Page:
Family Court Valuations

FAMILY COURT VALUATIONS

With Family Court Valuations  many business valuations are prepared on a single expert witness basis. This reduces the overall cost to the parties as well as reduces the time in court.

There are a number of factors to be taken into consideration when conducting family law valuations and for this reason methodologies vary greatly depending on the type of business being valued.

It is important to distinguish between business goodwill and personal goodwill.

Business Goodwill

Business goodwill  is the goodwill that arises from the business itself and thus is transferable in the event of  a sale.

Personal Goodwill

Personal goodwill arises from the operating spouses talents and efforts. Invariably this is not transferable in the event of a sale.

In some cases the portion attributed to enterprise goodwill (business) is part of the marital estate and the portion attributed to personal goodwill is excluded. The separation of business and personal goodwill can significantly affect the value of the business for marital dissolution.

Value to Owner

Another method when dealing with family law valuations is that of the "Value to Owner". This is the intrinsic value of the business to the owner, if the business is to be retained,  rather than the hypothetical "fair market value".

VALUATION METHODS

In Family Court Valuations, two valuation approaches are usually used for the business valuation. "The Asset Approach" should the business not be profit making, or the "Income Approach" if the business is generating positive cashflow. Both methods cannot be used at the same time as research has shown there is usually no significant correlation between a profitable business's fair market value, and the net tangible assets of the same business.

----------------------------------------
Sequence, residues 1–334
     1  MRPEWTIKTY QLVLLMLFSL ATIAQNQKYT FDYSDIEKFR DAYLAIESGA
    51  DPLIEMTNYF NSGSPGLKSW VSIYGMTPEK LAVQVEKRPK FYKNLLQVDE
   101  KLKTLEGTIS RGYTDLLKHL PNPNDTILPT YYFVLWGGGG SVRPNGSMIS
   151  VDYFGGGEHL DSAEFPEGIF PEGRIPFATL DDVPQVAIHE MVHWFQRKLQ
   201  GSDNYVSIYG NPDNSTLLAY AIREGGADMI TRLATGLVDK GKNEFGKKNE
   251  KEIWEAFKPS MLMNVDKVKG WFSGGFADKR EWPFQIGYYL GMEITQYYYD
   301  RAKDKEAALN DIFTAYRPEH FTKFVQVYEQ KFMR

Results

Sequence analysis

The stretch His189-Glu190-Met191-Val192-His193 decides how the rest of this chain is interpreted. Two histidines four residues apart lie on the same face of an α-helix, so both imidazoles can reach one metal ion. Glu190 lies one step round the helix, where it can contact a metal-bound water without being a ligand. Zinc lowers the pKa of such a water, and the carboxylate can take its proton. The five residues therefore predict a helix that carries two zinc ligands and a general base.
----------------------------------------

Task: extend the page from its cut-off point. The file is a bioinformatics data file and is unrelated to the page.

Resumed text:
The "Market Approach" method is very rarely used because of the extreme difficulty in finding truly comparable business sales. Even when non-listed business data is available, it is often meaningless, as pertinent factors are frequently omtited.

It is important that all the parties understand the nature of the business in question and the approach and methodologies used in valuing the business.

In our reports we explain the business and methodology used in valuing the business, and the reason or reasons why we have chosen that valuation approach.

Our reports are clear and concise and are easily understood by all parties in the Family Law matter.